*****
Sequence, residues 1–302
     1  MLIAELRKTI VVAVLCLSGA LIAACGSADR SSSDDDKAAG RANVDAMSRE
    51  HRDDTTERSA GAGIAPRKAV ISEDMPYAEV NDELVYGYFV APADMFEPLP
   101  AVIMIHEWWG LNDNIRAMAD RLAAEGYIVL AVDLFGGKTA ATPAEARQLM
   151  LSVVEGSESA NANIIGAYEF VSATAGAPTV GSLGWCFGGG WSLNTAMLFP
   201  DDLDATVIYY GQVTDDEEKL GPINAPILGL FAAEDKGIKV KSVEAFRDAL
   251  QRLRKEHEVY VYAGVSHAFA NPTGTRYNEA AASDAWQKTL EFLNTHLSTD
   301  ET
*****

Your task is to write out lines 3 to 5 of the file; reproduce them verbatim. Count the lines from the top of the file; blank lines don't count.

    51  HRDDTTERSA GAGIAPRKAV ISEDMPYAEV NDELVYGYFV APADMFEPLP
   101  AVIMIHEWWG LNDNIRAMAD RLAAEGYIVL AVDLFGGKTA ATPAEARQLM
   151  LSVVEGSESA NANIIGAYEF VSATAGAPTV GSLGWCFGGG WSLNTAMLFP